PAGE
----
He spent his work life from Africa to the bush camps of Northern Canada as an industrial construction welder and pipe fitter for The United Association, and he was a proud fifty-year trade unionist with Local 800 in Sudbury. He was given the name Starvin Marven by his fellow tradesmen not only because he would travel far away for work to support his family of five children but because of his love of food and his appetite for life itself.

Food was an important part of Marv’s life because of his humble New Brunswick upbringing where his farming family lived off the land, and he fed everyone that walked through his home’s door whether they were hungry or not and many visitors would often leave with a brown-bag snack for later consumption. Marv’s lifelong morning routine started every single day with a heaping bowl of hot porridge because he considered himself a regular guy, and that included his high fiber daily constitutional duties. The Quaker Oats Company’s value will probably decline because of Marv’s passing.

From his homemade baked beans, beef veggie stews, codfish hash, vinegar boiled hams or twenty-pound, ten-foot square chocolate cakes that would take up the whole oven rack, Marv whipped up his delicacies with the windows and doors wide open so the neighbors knew a feast was coming. It was common to see people suddenly stop by to see what Marv was whipping up from his memory vault recipes withdrawn from a lifetime of self-taught cooking from scratch with whatever he had on hand.

Even the strong aroma from the KFC up the road couldn’t overpower the smell of Marv working his own secret recipes in the kitchen, but his fall back gourmet meal was always a roll of bologna, crusty bread, cheddar cheese and an onion which were the staples of all family picnics and lunches for his long-distance road trips. Marv felt that these items perfectly covered the four major food groups and also provided the necessary volume and weight to help keep his feet firmly planted on the ground.

Marv was a dedicated member of the Masonic Lodge earning the rare and prestigious William Mercer Wilson Award for his hard work, but his efforts with the Shriners was how thousands of people learned about Marv’s passion for helping the Shriners Hospital for Children with his tireless Shriner Christmas Cake sales push.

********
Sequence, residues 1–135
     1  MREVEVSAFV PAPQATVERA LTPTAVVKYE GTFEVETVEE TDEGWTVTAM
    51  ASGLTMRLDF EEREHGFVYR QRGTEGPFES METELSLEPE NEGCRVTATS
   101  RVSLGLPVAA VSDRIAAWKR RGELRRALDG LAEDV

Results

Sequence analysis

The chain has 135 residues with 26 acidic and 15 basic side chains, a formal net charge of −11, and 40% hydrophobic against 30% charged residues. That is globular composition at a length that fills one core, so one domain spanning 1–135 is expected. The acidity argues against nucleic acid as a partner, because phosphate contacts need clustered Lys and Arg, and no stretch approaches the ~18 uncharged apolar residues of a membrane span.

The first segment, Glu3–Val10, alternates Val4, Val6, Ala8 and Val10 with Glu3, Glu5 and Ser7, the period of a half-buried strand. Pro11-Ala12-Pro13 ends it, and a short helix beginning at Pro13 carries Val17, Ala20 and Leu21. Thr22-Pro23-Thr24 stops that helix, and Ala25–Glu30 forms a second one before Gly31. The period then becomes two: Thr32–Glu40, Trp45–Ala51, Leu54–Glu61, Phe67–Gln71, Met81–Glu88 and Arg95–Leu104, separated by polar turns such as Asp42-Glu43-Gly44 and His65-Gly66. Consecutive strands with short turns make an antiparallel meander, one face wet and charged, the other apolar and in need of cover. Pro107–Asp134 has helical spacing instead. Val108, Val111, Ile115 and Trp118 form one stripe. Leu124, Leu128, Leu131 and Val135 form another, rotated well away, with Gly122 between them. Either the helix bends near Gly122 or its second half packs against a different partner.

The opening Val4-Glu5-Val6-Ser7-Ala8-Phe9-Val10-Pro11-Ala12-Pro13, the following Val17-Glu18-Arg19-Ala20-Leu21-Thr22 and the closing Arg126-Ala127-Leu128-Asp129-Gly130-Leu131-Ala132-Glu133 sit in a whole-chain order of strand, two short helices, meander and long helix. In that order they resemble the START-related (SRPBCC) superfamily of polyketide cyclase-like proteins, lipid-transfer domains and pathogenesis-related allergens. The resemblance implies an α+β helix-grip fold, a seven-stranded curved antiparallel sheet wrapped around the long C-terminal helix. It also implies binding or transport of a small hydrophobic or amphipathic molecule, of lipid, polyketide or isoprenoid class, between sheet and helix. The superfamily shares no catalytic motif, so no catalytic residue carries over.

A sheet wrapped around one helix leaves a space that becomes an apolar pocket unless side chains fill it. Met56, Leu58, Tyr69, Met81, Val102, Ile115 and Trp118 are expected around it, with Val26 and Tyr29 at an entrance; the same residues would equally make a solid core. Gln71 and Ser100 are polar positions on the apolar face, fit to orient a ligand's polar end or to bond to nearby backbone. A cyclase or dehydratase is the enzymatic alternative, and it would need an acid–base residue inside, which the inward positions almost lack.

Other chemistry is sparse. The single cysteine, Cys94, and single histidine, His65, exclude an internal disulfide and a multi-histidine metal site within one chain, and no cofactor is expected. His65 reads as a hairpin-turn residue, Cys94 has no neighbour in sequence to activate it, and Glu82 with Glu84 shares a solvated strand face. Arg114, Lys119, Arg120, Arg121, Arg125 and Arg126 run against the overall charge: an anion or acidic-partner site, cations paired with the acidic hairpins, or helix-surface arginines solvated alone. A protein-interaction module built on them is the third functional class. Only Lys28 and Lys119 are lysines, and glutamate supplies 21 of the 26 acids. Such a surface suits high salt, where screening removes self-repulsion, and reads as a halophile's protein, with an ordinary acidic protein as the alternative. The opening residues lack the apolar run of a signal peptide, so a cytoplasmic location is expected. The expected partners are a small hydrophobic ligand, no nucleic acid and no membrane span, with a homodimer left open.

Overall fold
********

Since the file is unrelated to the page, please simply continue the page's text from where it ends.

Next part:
While the average Shriners in Marv’s hometown might sell fifty of the famous Christmas Cakes each year, Marv would sell about 800 of the fundraising treats. He was like the Energizer Bunny for the Shriners and once he got wound up during the Christmas Cake season, there was no stopping him as ten-hour days working the shopping mall or visiting local businesses were all in a day’s work for him. Admittedly, being hard of hearing from working around welding machines all of his life was helpful for him as Marv rarely heard anyone say “no thanks” when he asked them to buy a Shriner cake to help support kids who needed medical care.

Marven Ivan Firth was truly a unique character who lived life by his own high standards and he will be missed and fondly remembered by many. He leaves a wonderful legacy with his family who had the pleasure of knowing him and catching some of the amazing aura and character traits that he gave off. He will be missed and fondly remembered by many.

Marv is survived by his wife Dora, children, Debbie, Malcolm (pre-deceased as an infant) Dianne, Kevin (pre-deceased in 1989) Colin and Karen, along with ten grandkids who were truly the focus of his life in his later years.

He will be missed by many but never forgotten by those who called him a friend, because a personality like Marven Ivan Firth doesn’t come around too often.

Special thanks to the staff at Bayshore Health who faithfully provided loving daily care to Marv and became his friends, as well as thanks to Dr. Tenheunen, Dr. Sawkiw, Janet Earle and Cory from Motion Specialties who helped make Marv’s final months more pleasant and comfortable.

As per Marven’s wishes cremation has already taken place under the trusted care of Lougheed Funeral Homes. For his final journey, a roll of bologna, cheese, crusty bread and an onion were placed in his casket in a Shriners Christmas Cake box, because Marv always packed a lunch whenever he left on a journey. Marv’s son Colin and grandsons Jesse, Shane and Zachary accompanied his remains for his final journey to the crematorium wearing Marv’s plaid shirts while playing one of his favorite songs, “I’m Movin’ On” by Johnny Cash. Marv would have approved.

There will be a private Masonic funeral service as Marv didn’t want anyone to make a fuss over his passing. His family knew better than to question his final wishes. In lieu of donations, Marv would be happy if people remembered him by purchasing a Shriners Cake this coming Christmas season, because like his life, he would still want to be able to help others, even after his death.

Thanks Marv for being such a valuable asset to Mankind because you were truly a great Man who was always Kind to others.